Experimental investigation and kinetic modeling of nanocrystal growth for scale reduction in mono-ethylene glycol regeneration unit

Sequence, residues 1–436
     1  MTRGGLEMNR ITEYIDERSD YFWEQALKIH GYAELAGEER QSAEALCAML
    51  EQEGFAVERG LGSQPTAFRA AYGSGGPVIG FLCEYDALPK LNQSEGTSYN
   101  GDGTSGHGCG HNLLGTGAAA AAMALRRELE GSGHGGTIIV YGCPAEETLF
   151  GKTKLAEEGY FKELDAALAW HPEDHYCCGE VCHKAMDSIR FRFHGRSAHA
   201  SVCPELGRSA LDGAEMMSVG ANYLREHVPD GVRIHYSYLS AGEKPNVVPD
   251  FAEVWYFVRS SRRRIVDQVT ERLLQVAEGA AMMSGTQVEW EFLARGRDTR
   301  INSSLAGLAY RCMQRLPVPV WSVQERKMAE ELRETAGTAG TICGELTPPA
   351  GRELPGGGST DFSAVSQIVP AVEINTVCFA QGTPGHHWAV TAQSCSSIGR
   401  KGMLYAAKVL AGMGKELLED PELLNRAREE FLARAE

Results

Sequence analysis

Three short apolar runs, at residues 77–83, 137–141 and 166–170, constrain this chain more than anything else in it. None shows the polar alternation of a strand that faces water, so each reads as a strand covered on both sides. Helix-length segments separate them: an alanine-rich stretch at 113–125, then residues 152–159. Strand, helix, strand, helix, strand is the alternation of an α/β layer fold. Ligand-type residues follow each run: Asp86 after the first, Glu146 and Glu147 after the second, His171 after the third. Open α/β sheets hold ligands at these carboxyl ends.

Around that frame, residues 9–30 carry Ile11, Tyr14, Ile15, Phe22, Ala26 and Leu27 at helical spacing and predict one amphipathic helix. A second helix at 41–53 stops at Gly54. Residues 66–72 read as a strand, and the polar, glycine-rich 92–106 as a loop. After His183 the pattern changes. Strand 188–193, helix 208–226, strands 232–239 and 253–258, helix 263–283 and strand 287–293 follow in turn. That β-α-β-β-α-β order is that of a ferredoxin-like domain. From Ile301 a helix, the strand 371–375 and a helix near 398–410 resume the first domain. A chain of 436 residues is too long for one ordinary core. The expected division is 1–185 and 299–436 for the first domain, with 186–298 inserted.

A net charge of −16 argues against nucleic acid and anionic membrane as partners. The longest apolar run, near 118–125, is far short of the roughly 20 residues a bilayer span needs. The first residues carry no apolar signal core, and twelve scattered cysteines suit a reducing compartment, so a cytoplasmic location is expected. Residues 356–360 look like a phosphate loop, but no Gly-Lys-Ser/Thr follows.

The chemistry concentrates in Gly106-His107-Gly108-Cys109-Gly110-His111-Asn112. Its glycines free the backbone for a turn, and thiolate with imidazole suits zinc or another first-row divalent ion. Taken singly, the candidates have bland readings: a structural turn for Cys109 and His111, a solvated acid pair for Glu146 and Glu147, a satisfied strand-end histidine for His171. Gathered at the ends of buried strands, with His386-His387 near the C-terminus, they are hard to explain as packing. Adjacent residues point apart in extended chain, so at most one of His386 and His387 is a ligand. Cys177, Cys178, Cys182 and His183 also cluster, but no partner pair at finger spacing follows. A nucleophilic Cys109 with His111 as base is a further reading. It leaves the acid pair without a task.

Scale formation is the major problem in mono-ethylene glycol regeneration units of gas refineries. In this study, the effect of adding different concentrations of silica nanoparticles on the growth rate of salt crystals in a rich mono-ethylene glycol solution is investigated, and the corresponding mathematical model is introduced. To obtain the crystallization kinetics, the particle size distribution was measured in continuous intervals of time and temperature using a dynamic light scattering. Measurements were taken at four temperature levels, in 20-min intervals, and 1, 3, 5, and 9 wt% of silica nanoparticles. Results showed that silica nanoparticles reduced the activation energy needed for nucleation and crystallization by more than 50%. However, increasing the concentration of nanoparticles did not result in a further reduction in the activation energy. Rather, it contributed to the formation of larger primary nuclei that form a larger crystal structure. An increase in temperature from 25 to 50 °C led to an increase of 8.8% in the initial crystal growth. On the other side, increasing the concentration of nanoparticles from 1 to 10 wt% at a constant temperature increased the crystallization growth rate by 3.4%. The proposed mathematical model predicts the kinetics of crystal growth with an acceptable accuracy with the mean relative error of 6.19% for the whole range of concentration and temperature.